BLAIR BONES: Today’s opening of the Blair House budget talks was never going to amount to much, especially given that the host had to leave so soon after his congressional guests arrived. Biden is on his way to New York to be at this afternoon’s Ground Zero ceremonies, leaving Treasury’s Tim Geithner, OMB’s Jack Lew and top White House economic adviser Gene Sperling behind to pose for pictures with a group of lawmakers that has dwindled from the proposed 20 to just these six: Daniel Inouye and Max Baucus for the Senate Democrats, Jim Clyburn and Chris Van Hollen for the House Democrats and only two Republicans of any kind, Jon Kyl and Eric Cantor. And those two signaled yesterday that they won’t say much until Obama offers more specifics about his ideas for spending limits.

JOBS REPORT: In a potential foreshadowing of worse-than-expected news in tomorrow’s April unemployment report, the number of people applying for unemployment benefits surged last week to the highest level in eight months — by 43,000, to a seasonally adjusted 474,000. The Labor Department said that some unusual factors were involved but that the four-week rolling average had climbed 23 percent in the past four weeks.

BUS SAFETY: The commercial bus industry will face tighter federal regulation, with new licensing requirements and stronger Transportation Department power to close down unsafe operations and take commercial licenses away from drivers, Secretary Ray LaHood announced this morning outside Nationals Park.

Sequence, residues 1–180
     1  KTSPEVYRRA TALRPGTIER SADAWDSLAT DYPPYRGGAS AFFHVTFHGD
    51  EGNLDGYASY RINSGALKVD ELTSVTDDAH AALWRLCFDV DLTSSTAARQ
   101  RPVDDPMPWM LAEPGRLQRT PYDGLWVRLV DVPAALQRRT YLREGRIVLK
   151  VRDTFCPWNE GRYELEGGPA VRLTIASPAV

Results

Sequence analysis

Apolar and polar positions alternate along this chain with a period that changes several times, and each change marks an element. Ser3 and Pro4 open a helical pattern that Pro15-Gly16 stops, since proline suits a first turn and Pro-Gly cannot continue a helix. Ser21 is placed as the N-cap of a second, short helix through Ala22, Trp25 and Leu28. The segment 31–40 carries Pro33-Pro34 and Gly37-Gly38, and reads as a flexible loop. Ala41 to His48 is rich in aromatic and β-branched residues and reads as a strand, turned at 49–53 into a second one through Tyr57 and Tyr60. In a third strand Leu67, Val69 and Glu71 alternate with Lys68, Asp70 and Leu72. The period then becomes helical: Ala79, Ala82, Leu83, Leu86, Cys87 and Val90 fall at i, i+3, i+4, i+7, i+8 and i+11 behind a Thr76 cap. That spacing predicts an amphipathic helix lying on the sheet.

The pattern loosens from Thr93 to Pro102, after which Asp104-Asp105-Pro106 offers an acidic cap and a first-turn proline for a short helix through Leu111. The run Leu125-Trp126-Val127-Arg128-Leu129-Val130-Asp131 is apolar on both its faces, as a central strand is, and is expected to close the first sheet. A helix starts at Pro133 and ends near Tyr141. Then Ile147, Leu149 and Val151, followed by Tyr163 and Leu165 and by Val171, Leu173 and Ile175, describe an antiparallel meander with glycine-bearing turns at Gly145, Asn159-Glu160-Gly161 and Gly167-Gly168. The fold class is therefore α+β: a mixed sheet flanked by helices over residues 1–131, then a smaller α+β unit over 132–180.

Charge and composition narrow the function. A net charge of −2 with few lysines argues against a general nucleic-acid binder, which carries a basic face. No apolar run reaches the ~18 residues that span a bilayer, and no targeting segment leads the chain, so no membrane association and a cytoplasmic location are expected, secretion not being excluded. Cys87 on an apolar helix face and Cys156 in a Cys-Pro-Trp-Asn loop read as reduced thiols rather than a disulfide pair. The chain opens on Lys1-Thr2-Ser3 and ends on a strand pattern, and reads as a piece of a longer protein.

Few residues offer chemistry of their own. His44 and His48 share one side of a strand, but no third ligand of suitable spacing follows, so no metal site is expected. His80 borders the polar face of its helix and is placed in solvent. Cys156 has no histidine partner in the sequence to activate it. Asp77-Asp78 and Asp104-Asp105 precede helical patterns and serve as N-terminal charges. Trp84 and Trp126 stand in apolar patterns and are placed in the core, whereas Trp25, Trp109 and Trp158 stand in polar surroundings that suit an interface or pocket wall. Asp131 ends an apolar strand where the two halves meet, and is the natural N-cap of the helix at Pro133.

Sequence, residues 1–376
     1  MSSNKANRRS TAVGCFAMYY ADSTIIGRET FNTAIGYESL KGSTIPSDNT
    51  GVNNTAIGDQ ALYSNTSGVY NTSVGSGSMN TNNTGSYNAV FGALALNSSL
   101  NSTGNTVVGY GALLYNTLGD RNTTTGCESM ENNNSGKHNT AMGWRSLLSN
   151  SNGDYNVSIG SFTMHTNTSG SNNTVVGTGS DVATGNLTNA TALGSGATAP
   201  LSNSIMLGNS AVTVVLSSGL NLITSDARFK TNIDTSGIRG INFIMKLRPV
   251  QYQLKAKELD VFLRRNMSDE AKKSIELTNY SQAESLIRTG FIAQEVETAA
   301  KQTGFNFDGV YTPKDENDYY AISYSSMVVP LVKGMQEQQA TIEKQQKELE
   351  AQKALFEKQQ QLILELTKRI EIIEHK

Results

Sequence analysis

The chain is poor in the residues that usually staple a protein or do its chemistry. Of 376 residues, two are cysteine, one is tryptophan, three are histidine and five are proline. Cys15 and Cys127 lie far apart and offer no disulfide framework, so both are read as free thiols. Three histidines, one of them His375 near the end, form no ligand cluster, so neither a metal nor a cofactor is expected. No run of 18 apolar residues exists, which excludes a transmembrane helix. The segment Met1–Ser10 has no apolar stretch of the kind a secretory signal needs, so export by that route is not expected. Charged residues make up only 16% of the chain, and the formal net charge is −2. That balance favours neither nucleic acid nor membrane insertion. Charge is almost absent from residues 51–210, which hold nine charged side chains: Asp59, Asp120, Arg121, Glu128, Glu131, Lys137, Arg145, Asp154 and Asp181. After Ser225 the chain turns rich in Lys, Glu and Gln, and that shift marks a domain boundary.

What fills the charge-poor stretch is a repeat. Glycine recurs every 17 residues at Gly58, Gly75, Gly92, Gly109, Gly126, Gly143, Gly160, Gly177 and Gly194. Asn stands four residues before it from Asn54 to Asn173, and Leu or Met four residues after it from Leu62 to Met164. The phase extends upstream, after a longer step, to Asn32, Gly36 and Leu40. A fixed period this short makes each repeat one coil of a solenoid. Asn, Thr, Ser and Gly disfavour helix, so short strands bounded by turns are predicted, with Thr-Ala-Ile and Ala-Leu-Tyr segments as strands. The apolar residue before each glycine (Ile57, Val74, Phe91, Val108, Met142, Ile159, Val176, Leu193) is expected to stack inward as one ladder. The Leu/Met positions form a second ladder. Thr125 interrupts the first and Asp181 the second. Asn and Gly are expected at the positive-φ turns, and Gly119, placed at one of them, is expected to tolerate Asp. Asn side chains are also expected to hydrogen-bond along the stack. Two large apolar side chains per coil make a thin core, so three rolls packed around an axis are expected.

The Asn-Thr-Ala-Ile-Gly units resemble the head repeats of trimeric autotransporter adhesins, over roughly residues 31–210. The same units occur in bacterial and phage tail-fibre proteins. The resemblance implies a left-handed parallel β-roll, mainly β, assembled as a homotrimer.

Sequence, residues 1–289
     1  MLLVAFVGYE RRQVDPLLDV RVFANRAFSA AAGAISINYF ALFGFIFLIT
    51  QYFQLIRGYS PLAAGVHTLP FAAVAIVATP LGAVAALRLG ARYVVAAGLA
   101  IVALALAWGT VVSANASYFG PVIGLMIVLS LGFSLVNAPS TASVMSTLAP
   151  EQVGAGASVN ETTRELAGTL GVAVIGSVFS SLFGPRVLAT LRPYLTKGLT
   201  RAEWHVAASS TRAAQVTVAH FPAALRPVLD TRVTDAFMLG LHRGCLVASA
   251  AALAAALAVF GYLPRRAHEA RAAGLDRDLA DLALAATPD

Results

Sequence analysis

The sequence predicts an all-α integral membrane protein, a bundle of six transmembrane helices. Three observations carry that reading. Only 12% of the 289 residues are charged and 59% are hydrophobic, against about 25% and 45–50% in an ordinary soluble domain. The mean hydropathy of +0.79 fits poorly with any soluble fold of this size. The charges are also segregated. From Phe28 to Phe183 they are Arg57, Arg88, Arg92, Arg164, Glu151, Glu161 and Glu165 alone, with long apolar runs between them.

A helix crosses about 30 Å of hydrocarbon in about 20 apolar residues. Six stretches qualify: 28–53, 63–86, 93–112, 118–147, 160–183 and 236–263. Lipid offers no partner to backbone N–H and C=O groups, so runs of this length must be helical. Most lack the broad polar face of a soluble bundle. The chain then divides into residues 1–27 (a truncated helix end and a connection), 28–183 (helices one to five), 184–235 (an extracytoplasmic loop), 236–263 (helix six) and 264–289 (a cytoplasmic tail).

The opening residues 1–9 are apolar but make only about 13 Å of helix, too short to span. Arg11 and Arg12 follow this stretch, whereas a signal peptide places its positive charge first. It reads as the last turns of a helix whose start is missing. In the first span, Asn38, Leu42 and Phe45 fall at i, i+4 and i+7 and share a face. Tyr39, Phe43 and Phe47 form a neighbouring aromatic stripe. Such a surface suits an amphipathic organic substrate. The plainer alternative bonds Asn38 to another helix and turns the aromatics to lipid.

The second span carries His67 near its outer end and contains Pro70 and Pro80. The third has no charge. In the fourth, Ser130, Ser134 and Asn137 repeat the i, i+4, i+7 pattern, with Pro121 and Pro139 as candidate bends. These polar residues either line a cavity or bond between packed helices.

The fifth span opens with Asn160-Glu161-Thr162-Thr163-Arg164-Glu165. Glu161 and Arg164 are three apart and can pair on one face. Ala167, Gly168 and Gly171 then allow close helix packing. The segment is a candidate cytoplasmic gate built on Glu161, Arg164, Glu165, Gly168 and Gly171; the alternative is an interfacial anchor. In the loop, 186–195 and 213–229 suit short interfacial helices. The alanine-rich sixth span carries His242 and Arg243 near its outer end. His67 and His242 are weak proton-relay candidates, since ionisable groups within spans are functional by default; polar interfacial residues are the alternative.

Attention to bus safety by the administration and Congress has surged because of a series of recent incidents, most dramatically the crash that killed 15 as a bus sped through New York after a trip to a Connecticut casino. There’s been growing pressure for clamp-down legislation on Capitol Hill, and that may not abate in some quarters because today’s LaHood proposal is silent on some areas that have lawmakers particularly worried: the new rules, for example, would not mandate that buses have passenger seat belts, reinforced roofs and windows and more-sophisticated emergency exit mechanics. (Even as LaHood spoke, a bill that would boost bus regulation was endorsed by the Senate Commerce Committee.)

REDISTRICTING TWISTS: (1) Fellow Democrats from Washington are responding with a mixture of bemusement and disdain, but not any measure of support, to Dennis Kucinich’s thoughts about trying to move his congressional address from Cleveland to the West Coast. Ohio is losing a House seat after next year, and it’s almost certain that as a consequence Kucinich will be pushed toward a Democratic primary against Marcia Fudge — and in a largely African-American district that would favor her. Kucinich’s office says he’s received entreaties from liberals in 20 states urging him to get a new city to live in, but the Seattle area is the only place where he’s spent any well-publicized time in recent weeks.

(2) Russ Carnahan is now assured of the same political dilemma that’s looming for Kucinich, but the Missouri congressman isn’t going to move away from a state where his family name is Democratic legend. The state Legislature yesterday finalized a new House map that essentially eliminates the district Carnahan has held since 2005 and puts him and Lacy Clay in the same St. Louis seat. Carnahan is now likely to either lose a primary in that largely African-American territory or lose the general election in the closest nearby suburban (and largely Republican) district.

HAPPY BIRTHDAY: Democratic Rep.Charlie Gonzalez of San Antonio (66).

— David Hawkings, editor